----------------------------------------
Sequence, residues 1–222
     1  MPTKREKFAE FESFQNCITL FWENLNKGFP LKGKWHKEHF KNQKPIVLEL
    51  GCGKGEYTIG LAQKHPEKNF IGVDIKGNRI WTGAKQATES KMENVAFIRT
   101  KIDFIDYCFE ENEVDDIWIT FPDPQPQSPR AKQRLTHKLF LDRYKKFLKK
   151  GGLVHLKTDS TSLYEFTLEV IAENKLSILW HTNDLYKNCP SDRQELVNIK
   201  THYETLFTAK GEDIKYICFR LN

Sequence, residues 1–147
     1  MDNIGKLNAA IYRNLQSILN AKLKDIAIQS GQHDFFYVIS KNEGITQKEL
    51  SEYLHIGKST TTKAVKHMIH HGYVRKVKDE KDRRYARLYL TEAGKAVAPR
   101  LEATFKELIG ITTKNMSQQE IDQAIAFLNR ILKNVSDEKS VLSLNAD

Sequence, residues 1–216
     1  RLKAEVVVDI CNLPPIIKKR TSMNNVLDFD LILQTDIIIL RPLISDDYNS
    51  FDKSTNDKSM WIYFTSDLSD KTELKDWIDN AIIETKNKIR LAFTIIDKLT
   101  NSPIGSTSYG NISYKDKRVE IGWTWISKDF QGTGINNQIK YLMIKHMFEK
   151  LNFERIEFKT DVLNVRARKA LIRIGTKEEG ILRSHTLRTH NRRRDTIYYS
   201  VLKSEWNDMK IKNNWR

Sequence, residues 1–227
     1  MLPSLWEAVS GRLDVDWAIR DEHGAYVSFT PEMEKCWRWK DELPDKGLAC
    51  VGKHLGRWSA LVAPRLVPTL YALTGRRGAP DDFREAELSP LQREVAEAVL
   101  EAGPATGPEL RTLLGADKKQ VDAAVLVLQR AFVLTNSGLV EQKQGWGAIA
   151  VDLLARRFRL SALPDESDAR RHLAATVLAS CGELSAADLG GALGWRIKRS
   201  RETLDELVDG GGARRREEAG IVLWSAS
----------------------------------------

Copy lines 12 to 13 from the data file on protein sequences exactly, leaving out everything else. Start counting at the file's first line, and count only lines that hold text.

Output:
     1  RLKAEVVVDI CNLPPIIKKR TSMNNVLDFD LILQTDIIIL RPLISDDYNS
    51  FDKSTNDKSM WIYFTSDLSD KTELKDWIDN AIIETKNKIR LAFTIIDKLT